Zilebesiran (Alnylam Pharmaceuticals), an investigational, subcutaneously administered small-interfering RNA (siRNA) therapeutic in development for the treatment of hypertension, met the primary and secondary endpoints, with an “encouraging” safety profile in the phase 2 KARDIA-1 study, the company announced.
KARDIA-1 is a phase 2 randomized, double-blind, placebo-controlled, dose-ranging study evaluating the efficacy and safety of zilebesiran as monotherapy in 394 adults with mild-to-moderate untreated hypertension or on stable therapy with one or more antihypertensive drugs.
Patients were randomly assigned to one of five treatment arms during a 12-month double-blind period and double-blind extension period: 150 mg or 300 mg zilebesiran subcutaneously once every 6 months, 300 mg or 600 mg zilebesiran subcutaneously once every 3 months, or placebo. Patients taking placebo were randomly assigned to one of the four initial zilebesiran dose regimens beginning at month 6.
The primary endpoint was change from baseline in systolic blood pressure (SBP) at 3 months assessed by 24-hour ambulatory blood pressure monitoring.
Topline data show a dose-dependent, clinically significant reduction in 24-hour mean SBP, with a placebo-subtracted reduction greater than 15 mm Hg (P < .0001) with both the 300 mg and 600 mg doses.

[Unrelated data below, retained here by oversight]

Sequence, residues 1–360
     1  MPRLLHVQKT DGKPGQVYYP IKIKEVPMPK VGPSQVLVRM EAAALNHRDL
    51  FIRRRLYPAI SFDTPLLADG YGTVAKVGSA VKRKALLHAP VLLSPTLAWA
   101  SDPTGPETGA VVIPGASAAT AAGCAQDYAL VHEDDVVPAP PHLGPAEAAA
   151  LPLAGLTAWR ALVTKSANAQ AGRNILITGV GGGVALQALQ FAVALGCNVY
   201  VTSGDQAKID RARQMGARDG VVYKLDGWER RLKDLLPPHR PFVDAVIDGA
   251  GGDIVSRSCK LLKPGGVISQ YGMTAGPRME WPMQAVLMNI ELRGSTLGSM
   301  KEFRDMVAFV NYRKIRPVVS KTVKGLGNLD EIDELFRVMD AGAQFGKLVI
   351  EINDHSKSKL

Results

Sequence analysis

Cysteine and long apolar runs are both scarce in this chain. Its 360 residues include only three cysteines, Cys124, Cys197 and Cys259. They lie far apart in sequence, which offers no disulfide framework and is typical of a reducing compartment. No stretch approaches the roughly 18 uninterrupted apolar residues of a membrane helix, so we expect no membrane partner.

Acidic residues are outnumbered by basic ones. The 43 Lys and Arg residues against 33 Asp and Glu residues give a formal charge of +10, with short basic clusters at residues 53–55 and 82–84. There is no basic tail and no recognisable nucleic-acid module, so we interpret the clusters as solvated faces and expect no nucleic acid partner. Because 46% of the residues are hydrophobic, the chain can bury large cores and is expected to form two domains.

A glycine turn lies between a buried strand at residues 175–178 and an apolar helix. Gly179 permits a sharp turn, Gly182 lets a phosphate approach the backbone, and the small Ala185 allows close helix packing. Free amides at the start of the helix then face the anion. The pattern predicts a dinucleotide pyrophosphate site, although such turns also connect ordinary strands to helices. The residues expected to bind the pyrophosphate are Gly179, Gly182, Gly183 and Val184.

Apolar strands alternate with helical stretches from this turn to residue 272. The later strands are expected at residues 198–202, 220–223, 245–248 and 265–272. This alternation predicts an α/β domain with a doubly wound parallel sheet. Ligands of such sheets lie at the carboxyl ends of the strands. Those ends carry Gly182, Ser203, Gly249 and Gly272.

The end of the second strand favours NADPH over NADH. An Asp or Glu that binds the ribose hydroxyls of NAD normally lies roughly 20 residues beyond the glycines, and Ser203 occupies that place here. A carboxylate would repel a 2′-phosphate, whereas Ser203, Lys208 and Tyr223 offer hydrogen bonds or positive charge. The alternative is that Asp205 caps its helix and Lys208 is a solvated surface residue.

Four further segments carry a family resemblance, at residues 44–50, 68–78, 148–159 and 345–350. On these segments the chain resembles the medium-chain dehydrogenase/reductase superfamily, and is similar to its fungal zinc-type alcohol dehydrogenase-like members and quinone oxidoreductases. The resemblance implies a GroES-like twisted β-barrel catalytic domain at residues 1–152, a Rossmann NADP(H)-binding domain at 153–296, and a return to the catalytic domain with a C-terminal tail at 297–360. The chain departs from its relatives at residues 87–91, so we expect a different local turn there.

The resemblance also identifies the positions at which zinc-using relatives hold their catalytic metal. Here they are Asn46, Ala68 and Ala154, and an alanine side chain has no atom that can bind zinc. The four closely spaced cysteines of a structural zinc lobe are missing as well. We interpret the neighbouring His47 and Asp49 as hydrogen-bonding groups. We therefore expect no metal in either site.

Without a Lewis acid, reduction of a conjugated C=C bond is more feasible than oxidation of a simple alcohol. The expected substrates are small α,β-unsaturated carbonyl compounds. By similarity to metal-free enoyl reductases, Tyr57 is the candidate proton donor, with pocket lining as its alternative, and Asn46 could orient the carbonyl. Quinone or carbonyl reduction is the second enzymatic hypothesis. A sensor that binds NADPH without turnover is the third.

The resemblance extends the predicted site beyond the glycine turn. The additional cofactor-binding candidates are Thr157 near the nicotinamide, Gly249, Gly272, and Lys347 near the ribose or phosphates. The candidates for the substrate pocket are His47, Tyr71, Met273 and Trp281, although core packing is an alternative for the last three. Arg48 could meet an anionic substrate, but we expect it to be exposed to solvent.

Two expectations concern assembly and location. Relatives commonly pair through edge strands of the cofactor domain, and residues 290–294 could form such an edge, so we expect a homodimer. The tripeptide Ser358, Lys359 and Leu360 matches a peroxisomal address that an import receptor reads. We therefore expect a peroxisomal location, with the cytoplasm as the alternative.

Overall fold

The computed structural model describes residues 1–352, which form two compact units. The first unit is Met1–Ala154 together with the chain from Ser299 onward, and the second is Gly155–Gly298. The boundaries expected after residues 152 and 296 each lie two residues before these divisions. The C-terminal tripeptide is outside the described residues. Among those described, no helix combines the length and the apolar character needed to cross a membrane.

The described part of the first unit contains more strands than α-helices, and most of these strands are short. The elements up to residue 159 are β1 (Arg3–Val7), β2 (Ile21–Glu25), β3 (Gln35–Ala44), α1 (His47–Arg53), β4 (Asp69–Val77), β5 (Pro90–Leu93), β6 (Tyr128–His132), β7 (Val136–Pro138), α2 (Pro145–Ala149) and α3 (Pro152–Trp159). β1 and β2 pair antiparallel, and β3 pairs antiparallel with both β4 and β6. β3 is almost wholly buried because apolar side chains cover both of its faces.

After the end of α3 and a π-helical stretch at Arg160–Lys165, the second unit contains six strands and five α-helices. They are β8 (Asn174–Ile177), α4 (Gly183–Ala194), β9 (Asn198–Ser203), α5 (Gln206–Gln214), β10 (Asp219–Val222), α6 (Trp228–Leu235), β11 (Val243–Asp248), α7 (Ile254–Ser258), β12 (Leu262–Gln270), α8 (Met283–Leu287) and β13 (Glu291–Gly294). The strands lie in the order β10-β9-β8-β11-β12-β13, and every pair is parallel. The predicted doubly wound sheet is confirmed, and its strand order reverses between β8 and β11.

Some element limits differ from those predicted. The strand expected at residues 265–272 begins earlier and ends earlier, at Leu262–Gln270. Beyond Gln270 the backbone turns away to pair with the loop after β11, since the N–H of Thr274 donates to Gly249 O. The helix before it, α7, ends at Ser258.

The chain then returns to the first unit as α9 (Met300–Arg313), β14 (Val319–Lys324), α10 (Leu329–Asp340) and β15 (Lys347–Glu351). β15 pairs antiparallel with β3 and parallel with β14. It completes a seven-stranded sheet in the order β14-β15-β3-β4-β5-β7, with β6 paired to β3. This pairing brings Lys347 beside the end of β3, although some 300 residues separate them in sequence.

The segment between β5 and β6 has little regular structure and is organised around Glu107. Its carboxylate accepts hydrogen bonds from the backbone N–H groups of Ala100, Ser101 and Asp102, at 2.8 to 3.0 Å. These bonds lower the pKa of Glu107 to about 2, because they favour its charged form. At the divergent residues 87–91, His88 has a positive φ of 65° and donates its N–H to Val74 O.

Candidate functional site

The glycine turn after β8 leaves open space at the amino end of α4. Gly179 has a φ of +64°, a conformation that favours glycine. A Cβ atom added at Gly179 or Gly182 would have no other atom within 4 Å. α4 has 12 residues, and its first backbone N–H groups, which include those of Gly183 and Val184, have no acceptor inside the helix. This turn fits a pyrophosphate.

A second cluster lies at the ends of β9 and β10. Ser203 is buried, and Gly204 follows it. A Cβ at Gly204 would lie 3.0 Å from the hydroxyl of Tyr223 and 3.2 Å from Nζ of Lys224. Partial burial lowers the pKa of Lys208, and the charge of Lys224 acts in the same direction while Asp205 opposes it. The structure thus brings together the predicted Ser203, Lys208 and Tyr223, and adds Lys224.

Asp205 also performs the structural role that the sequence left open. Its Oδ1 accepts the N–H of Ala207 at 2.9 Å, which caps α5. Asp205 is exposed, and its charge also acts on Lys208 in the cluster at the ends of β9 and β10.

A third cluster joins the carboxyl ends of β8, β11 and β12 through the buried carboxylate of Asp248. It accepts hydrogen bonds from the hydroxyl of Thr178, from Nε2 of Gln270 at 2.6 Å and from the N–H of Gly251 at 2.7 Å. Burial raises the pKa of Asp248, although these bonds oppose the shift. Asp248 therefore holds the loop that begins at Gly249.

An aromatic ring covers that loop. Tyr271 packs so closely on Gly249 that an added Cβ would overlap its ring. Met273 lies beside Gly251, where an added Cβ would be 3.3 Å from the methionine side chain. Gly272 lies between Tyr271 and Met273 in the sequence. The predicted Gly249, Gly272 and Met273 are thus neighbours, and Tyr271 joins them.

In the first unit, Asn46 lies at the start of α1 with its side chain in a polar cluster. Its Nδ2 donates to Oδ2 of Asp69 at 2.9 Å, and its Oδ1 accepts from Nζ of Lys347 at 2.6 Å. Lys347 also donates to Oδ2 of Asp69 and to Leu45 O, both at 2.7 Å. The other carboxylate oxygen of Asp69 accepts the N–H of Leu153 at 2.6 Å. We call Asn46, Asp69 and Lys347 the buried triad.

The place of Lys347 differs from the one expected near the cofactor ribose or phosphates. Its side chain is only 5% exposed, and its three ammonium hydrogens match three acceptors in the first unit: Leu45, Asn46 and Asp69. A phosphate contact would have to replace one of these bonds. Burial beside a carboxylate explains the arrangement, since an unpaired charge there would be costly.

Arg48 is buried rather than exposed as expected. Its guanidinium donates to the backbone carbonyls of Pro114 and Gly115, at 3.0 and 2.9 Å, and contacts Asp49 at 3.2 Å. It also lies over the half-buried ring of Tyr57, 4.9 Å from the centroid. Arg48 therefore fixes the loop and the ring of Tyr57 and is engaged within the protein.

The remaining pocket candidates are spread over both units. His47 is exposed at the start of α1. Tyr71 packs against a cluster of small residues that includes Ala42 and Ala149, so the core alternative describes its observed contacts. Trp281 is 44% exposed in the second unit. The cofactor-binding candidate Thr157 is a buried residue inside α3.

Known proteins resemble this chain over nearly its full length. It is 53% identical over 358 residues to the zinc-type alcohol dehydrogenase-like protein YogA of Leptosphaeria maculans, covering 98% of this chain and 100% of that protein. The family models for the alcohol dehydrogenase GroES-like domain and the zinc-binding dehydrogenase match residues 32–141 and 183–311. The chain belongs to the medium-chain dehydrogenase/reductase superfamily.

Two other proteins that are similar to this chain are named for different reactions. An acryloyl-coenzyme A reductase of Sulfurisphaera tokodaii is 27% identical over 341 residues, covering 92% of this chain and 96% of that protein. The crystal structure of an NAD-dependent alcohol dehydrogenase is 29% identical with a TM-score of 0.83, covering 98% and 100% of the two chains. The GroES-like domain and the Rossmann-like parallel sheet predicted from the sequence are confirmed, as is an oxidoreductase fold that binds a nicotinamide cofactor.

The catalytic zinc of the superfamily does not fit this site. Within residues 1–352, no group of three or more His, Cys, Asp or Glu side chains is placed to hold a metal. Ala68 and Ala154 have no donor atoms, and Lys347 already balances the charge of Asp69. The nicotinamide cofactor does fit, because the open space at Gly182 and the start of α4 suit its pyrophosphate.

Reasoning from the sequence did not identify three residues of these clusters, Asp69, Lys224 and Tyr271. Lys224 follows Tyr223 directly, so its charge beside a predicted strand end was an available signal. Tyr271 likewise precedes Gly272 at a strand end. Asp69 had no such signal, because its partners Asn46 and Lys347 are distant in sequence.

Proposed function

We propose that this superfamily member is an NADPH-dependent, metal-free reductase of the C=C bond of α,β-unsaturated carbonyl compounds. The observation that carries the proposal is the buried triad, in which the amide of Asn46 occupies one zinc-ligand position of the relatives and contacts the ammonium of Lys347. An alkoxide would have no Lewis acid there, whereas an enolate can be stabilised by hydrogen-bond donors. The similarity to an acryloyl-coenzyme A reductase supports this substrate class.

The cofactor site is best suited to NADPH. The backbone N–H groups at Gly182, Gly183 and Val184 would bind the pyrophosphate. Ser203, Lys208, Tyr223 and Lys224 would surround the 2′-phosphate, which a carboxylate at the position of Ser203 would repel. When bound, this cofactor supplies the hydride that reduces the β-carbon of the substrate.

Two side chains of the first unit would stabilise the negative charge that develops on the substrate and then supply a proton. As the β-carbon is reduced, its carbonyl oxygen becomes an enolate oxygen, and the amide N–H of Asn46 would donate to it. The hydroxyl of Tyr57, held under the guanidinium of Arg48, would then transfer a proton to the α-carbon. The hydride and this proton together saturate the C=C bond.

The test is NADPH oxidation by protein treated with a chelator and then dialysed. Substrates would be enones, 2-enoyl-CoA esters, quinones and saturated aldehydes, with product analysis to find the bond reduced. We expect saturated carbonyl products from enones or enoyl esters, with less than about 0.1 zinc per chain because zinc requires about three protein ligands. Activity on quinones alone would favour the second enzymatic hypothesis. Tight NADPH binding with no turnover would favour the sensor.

The study also met key secondary endpoints, showing “consistent and sustained reductions” in SBP at 6 months, which supports quarterly or biannual dosing, the company said.
There was one death due to cardiopulmonary arrest in a zilebesiran-treated patient that was considered unrelated to the drug. Serious adverse events were reported in 3.6% of zilebesiran-treated patients and 6.7% of placebo-treated patients. None were considered related to the study drug.
Adverse events occurring in 5% or more of zilebesiran-treated patients in any dose arm included COVID-19, injection-site reaction, hyperkalemia, hypertension, upper respiratory tract infection, arthralgia, and headache.
“As a physician, I believe these KARDIA-1 results, which demonstrate clinically significant reductions in systolic blood pressure of greater than 15 mm Hg, along with the ability to achieve durable tonic blood pressure control, provide hope that we may one day have access to a novel therapy with the potential to address the significant unmet needs of patients with uncontrolled hypertension who are at high risk of future cardiovascular events,” study investigator George L. Bakris, MD, director, American Heart Association (AHA) Comprehensive Hypertension Center, University of Chicago Medicine, said in a statement.
The phase 2 results “further validate” the phase 1 results, published in July in the New England Journal of Medicine, Simon Fox, PhD, vice president, zilebesiran program lead at Alnylam, said in the statement.
The full KARDIA-1 results will be reported at an upcoming scientific conference, the statement notes. Topline results from the KARDIA-2 phase 2 study of zilebesiran in combination with one of three standard classes of antihypertensive medications in patients with mild-to-moderate hypertension are expected in early 2024.
For more news, follow Medscape on Facebook, X (formerly known as Twitter), Instagram, and YouTube.
Source: Read Full Article